Chrysanthemums (mums) are about $4.50 per bunch at Trader Joe’s. Though I have taken Ikebana flower arranging classes, I wasn’t sure what to do with the bunch I purchased. I keep glass vases of various sizes in the house so decided to make several simple chrysanthemum arrangements. I was amazed by how many one bunch yielded–I filled four 4″x4″ vases and a little 2″x1″ vase. Here’s a fast and easy method to arrange these fall flowers.
How To Make A Simple Chrysanthemum Flower Arrangement
Cut the stems off the main branch so each flower is on its own stem if that makes sense. You’ll get various lengths so be prepared to use varying vase heights or cut the tall ones down.
Pull off the leaves. Just pinch your fingers and run them down the stems. The leaves will fly off.
Grab a vase and stems that are about the same length (you may need to cut but no need to get crazy perfect about it). Criss-cross the outer flowers in the vase.
Add another inner circle of flowers using this method until you get resistance from the stems. Then just neatly plop others in to fill where necessary.
It’s so easy and the bonus is that the stems don’t look sloppy. Use cut flower food and the arrangement can last a long time. This yellow arrangement is almost three weeks old. I picked off a few droopy petals though.
Do fill the vases as full as you can, because this is a long-lasting arrangement. You might need to change the water though. With the orange mums it got a bit funky after 10 days but I used a different flower food. I also think that the shorter cut flowers last longer. My tall vase of orange flowers is 12 days old and getting droopy. The shorter ones are still OK.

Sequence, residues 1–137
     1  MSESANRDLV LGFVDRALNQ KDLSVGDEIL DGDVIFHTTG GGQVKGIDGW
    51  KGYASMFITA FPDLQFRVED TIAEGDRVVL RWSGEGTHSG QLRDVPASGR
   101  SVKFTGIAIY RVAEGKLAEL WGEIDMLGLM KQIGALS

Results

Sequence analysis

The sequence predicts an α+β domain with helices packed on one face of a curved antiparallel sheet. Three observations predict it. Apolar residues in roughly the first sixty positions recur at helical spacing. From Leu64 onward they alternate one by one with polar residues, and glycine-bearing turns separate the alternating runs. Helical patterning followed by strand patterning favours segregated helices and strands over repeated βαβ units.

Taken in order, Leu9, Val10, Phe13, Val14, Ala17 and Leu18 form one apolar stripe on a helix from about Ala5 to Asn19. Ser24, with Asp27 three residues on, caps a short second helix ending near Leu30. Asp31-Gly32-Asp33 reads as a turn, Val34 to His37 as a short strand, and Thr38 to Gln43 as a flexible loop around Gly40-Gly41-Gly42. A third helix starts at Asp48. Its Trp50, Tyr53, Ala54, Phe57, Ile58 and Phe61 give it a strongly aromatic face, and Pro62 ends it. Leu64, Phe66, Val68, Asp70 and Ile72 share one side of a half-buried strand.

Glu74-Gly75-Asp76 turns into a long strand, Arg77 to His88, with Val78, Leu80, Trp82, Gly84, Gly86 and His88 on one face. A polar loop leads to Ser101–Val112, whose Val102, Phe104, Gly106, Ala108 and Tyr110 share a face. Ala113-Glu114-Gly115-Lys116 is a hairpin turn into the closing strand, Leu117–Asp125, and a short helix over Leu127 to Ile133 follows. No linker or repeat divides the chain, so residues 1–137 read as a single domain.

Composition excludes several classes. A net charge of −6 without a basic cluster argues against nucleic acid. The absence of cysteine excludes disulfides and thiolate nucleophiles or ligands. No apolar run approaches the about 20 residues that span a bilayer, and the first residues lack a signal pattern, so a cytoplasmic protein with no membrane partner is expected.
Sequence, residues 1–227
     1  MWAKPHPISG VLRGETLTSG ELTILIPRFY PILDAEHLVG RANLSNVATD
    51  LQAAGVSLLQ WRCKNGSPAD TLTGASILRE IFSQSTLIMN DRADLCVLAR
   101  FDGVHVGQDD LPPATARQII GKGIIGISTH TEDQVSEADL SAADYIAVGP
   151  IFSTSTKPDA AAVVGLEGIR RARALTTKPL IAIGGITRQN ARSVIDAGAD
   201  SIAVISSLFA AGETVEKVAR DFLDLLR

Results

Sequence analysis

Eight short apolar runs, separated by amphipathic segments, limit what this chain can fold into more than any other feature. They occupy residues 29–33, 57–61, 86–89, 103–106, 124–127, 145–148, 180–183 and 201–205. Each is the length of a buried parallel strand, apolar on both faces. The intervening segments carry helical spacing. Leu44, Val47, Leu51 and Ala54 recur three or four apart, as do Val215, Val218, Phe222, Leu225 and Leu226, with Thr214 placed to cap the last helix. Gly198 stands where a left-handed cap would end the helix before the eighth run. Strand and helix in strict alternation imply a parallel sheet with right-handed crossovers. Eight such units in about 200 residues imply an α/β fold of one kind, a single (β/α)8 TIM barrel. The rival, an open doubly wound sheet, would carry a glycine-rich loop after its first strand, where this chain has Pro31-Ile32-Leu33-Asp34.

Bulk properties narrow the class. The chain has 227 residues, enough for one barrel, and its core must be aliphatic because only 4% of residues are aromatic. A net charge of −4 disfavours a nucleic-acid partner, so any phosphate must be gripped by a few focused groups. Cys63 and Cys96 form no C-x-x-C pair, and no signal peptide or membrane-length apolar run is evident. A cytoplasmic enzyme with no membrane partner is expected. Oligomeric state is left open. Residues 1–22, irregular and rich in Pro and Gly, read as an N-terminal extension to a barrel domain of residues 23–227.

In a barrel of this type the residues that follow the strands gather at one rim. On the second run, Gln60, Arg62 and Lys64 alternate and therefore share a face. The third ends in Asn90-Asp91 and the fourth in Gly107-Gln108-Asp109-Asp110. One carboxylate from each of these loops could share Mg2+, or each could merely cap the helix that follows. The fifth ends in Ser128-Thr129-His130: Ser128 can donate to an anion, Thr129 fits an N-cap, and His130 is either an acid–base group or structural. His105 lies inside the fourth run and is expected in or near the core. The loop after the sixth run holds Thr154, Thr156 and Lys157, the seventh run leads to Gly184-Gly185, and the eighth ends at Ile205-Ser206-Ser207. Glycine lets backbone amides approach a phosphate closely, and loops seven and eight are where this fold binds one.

Chrysanthemums are a whimsical flower so if the stems aren’t exactly the same length in the vase, it doesn’t matter. So what if one flower sticks up higher than the other?
This is so inexpensive, quick and easy. Use vases of varying sizes around your house or on your Thanksgiving table.
Katie Dillon is the managing editor of La Jolla Mom. She helps readers plan San Diego vacations through her hotel expertise (that stems from living in a Four Seasons hotel) and local connections. Readers have access to exclusive discounts on theme park tickets (like Disneyland and San Diego Zoo) and perks at luxury hotels worldwide through her. She also shares insider tips for visiting major cities worldwide like Hong Kong, London, Paris, and Shanghai that her family has either lived in or visits regularly (or both).
Explore More Household Tips
15 Must-Have Beach Accessories and Gear You Didn’t Know You Needed
20 Gorgeous Indoor House Plants That Can Thrive in Shade, Full and Partial
The Meaning of Chinese New Year Red Envelopes (Lai See or Hong Bao Packets)
Three Easy Natural Christmas Decoration Ideas